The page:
THIS column often deals with unusual things that pop up on the internet from time to time, items you may have missed in the hurley-burley of modern living.
We talk at times about vegetables that are easy to grow, beautiful trees that line our streets, different ways that companies are dealing with waste and a myriad of other things from time to time.
Have you taken notice of the huge range of edible nuts that are available in your supermarket.
If you have you may like to know that you can grow these at home.
Most nuts are suitable for container growing, except maybe the macadamia nut tree that is usually grown in a large open area.
Peanuts come to mind first as they are quick and easy to grow, but almonds, hazelnuts, pistachio, walnuts and cashew can also be grown in the home garden or in large pots.
Most nuts planted in pots must be cared for and not left to dry out.
They should be started in small pots with an increasing pot size as they grow, finally into a large tub.
Today this column will talk about the peanut.
A small container is required to start them off.
Fill the container with a good quality compost, (one that won’t go hard like garden or topsoil does in a pot), to about 4/5 of the height of the container.
Add a small amount of water to dampen then source a half a dozen peanut seeds, (with the skin still on) and place around the area and then cover slightly.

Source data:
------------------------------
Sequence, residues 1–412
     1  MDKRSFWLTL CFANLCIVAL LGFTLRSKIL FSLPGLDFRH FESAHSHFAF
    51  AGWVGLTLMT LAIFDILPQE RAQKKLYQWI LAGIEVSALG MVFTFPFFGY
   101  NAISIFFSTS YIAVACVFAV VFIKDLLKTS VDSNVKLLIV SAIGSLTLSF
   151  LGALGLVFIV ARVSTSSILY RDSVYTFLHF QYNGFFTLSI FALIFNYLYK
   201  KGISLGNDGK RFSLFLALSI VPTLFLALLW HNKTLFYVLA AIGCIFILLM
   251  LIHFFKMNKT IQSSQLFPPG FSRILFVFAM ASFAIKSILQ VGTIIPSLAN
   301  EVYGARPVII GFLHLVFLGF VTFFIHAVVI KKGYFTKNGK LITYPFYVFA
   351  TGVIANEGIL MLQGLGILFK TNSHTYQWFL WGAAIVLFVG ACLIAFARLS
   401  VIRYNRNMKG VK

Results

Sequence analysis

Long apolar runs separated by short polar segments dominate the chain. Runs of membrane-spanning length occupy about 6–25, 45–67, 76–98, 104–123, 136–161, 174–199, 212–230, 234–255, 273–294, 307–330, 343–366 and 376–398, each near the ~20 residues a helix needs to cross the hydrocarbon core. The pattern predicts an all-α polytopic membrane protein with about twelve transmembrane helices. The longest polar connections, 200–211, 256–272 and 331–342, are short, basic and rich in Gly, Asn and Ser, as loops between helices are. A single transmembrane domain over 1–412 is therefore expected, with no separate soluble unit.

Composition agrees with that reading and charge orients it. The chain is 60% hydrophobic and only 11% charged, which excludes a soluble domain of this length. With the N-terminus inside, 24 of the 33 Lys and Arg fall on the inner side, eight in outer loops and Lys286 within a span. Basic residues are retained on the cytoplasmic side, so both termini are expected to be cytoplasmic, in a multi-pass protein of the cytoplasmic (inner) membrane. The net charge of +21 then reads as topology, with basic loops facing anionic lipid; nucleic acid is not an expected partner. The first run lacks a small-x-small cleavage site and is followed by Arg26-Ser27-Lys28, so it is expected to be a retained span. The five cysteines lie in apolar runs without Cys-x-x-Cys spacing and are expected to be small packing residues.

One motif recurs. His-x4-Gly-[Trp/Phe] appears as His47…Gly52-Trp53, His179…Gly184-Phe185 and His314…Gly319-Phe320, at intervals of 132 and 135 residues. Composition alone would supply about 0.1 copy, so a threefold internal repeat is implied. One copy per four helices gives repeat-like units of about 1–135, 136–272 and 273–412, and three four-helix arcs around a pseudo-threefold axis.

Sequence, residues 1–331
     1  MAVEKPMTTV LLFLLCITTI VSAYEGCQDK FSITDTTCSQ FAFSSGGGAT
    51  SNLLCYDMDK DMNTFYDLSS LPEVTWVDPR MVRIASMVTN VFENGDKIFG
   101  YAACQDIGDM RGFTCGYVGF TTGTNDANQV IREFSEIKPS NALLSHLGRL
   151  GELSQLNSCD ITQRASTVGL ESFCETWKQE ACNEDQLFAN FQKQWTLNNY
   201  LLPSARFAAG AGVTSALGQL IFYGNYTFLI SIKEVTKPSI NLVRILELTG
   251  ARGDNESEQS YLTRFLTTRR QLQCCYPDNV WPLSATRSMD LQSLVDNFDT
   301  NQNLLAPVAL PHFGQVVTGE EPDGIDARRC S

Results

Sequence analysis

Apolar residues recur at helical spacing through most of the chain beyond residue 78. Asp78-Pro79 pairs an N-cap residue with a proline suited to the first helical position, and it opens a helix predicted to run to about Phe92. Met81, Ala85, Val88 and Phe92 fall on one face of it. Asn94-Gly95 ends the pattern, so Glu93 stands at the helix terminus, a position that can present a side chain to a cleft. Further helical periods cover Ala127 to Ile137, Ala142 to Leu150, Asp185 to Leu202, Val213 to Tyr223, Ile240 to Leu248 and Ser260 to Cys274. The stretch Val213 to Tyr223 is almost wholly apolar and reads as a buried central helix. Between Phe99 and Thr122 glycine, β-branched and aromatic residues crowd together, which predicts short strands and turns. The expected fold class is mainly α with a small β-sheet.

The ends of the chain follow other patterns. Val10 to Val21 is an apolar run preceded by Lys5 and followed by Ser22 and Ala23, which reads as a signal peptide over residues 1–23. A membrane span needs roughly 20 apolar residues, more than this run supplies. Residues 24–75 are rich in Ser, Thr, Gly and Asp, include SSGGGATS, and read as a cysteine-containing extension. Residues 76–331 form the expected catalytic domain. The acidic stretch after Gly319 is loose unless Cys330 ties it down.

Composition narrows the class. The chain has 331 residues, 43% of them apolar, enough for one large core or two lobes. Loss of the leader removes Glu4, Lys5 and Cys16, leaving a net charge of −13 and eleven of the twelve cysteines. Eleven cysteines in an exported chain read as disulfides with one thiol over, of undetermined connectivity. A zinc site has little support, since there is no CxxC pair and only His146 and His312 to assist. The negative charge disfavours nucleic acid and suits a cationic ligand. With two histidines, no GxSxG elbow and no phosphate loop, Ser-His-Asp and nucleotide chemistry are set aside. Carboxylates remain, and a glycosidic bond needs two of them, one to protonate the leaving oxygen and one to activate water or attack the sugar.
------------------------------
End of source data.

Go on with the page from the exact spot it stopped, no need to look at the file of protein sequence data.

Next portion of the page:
Keep in low sunlight and water when required.
After about 21 days plants will shoot up and start growing.
When large enough to plant out, just tease them out of the soil and transplant into a larger pot, with coco peat as the medium. However, like a lot of other seeds they can also be placed on kitchen paper in a small container, slightly watered, with another sheet dampened, to cover the seeds and just wait till they sprout before planting out in a larger pot.
Now peanuts are unusual in that they grow in the ground and mature.
The plant itself has small yellow flowers that form on a long stem till they reach the ground and then they bury in and produce the peanut on the end of the flower. So, what this tells us is that one should have only two plants to say a 400mm area, which allows many stems to grow and touch the ground, therefore a greater harvest.
Keep in mind that it’s a heat and humidity-loving plant, ideal for our hot summers here in Ipswich.
Now, how do you know if you have peanuts?
The plant withers and dies, which indicates that there are peanuts under the ground. Pull the whole plant out, pick out the nuts that are no good, soft or spoiled and leave the whole plant to dry for a few days.